For most of my working life, I’ve felt way too busy. In recent years I’ve thought about that time with a mix of regret & remorse—I largely blamed myself for not taking the time to prioritize my work. It’s only recently that I’ve begun to see how I was trapped in the busy paradox.
The busy paradox explained
When we’re busy—that feeling that we have too much to do and not enough time to do it—stress hormones are released in our body and our attention and ability to focus narrow. This phenomenon is known as tunneling, where we’re only able to concentrate on the most immediate, and often low-impact, tasks right in front of us. Research has shown that we lose about 13 IQ points in this state—equivalent to the loss of an entire night’s sleep. (Yes, you read right!).
We run around reacting to everyone and everything around us—constantly answering emails, racing to meetings, putting out fires, and getting to the end of the day realizing that we haven’t even gotten around to doing our most important tasks for the day. So we regularly work in the evenings and on weekends which means less time to pursue our hobbies or spend time with loved ones.
If this is your current reality—as it was mine for a long time—you’re not making time to meet your long-term goals or to keep those priorities front and center. On the contrary, focusing on short-term tasks is what’s keeping you stuck in the busy trap. You’re not dealing with any of the root causes that led to your busyness in the first place.
Many chronically busy people may not even be consciously aware of the extent to which the busyness trap controls their lives. According to Thomas L. DeLong, Professor of Management Practice at Harvard Business School, the following questions are a good indicator of where you fall on the busyness spectrum:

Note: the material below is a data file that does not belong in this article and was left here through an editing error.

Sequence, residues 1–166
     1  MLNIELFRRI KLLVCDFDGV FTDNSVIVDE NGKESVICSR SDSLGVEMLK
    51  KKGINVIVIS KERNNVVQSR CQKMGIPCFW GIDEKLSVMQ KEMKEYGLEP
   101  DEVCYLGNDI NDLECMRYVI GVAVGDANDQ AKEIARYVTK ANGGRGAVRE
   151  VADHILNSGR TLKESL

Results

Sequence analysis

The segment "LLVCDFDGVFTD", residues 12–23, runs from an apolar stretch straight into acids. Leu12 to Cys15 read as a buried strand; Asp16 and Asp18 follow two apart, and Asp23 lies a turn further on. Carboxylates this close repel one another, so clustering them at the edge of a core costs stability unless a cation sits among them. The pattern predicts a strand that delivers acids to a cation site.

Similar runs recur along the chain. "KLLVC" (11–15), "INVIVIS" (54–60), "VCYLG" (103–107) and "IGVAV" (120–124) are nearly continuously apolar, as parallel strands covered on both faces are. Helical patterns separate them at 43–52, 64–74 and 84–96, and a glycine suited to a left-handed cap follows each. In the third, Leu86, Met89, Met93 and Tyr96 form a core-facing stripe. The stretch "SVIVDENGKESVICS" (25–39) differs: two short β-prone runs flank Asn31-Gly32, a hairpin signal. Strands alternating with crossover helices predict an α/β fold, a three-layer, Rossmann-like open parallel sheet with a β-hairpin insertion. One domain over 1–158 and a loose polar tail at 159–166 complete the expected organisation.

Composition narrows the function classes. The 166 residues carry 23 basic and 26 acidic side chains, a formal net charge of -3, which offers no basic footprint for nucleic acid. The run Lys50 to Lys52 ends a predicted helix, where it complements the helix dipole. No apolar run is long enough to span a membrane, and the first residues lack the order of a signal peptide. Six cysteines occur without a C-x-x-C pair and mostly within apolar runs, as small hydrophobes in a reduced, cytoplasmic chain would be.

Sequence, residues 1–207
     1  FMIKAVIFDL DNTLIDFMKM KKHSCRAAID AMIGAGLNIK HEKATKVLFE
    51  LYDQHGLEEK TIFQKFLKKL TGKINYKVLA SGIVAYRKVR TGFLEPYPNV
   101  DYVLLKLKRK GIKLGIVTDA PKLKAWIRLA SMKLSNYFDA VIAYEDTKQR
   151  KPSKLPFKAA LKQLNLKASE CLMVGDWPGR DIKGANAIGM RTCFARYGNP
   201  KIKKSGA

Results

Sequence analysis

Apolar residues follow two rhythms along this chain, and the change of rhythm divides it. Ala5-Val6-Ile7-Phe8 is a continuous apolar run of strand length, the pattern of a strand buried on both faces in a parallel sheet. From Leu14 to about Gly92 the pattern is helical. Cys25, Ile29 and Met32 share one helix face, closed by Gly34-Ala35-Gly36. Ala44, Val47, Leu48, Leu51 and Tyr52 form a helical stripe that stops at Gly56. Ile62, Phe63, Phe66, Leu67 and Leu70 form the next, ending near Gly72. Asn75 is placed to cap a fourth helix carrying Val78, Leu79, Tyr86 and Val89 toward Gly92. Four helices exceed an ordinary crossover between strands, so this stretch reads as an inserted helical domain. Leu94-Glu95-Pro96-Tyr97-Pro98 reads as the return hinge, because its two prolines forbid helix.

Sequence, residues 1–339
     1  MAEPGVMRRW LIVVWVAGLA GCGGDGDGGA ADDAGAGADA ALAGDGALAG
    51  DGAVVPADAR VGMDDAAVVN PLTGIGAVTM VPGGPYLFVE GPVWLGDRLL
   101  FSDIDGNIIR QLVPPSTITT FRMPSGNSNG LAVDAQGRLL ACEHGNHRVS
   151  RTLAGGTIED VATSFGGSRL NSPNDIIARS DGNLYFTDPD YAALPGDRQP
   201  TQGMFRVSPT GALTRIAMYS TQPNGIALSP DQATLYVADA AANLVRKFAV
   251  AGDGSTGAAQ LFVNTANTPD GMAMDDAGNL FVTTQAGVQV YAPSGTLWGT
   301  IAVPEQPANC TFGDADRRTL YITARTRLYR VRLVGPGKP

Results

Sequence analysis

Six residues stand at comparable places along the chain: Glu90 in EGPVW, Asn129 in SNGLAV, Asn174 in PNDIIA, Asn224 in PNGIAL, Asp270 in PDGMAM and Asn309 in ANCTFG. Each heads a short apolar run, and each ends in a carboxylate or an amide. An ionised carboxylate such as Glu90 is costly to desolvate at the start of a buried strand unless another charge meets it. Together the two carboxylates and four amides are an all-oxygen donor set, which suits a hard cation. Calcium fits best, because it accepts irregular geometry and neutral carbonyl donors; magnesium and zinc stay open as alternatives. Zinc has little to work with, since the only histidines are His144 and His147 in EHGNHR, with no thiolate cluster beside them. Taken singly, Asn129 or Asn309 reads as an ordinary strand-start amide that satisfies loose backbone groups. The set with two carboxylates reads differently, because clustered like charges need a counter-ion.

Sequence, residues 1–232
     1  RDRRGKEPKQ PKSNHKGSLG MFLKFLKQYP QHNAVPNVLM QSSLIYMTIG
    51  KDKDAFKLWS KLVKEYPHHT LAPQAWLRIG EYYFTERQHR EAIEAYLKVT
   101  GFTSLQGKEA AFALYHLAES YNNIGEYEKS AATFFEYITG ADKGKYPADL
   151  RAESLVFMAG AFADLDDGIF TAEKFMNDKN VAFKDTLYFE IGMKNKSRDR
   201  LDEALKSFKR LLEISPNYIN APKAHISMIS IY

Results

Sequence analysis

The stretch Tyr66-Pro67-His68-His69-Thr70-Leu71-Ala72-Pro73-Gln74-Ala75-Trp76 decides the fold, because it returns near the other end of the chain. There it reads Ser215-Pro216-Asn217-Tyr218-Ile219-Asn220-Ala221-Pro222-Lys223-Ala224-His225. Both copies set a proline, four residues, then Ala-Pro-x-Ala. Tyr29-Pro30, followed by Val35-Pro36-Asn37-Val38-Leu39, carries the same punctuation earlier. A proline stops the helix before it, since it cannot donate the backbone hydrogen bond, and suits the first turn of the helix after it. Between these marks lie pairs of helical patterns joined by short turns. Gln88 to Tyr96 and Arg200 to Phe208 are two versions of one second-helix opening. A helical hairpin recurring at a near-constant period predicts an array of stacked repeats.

- Do you believe your work allows you to move toward a specific and important goal — greater responsibility, learning a key new skill, achieving a capstone position?
- Are you addicted to your smartphone? Are you constantly checking for messages? Are you unable to sustain conversations with work colleagues or family or friends without regularly checking?
- When things slow down at work, do you feel guilty? Do you find it impossible to take a vacation when things are slow? Do you attempt to fill your free work time with meaningless and boring tasks?
- If you’re busy, what percentage of that work is meaningful and challenging? What percentage could be delegated to a subordinate without any drop-off in effectiveness? What percentage could be ignored completely without negative consequences?
- Have your family or friends ever commented on your need to feel important? Do they make fun of your inability to stop talking about work-related matters or enjoy personal time without communicating via cell phone or email?
(“The Busyness Trap“ by Thomas J. DeLong – HBR)
Once you are aware of your tendencies you are in a better place to tackle specific issues. While everyone has to find his or her best way of getting these behaviors under control, here are some tactics that you may find useful.
Cut down on your worst busyness behavioral patterns:
If you spend 3 hours a day answering emails, try to reduce that time by 15 minutes; if you average 4 hours a day on your phone, try to cut back to 3.5 hours. Now busy is not bad. The goal here is to escape the busyness trap, and you can do so if you just reduce your worst busyness behaviors in small increments. This will free time you can use to try new ideas and approaches.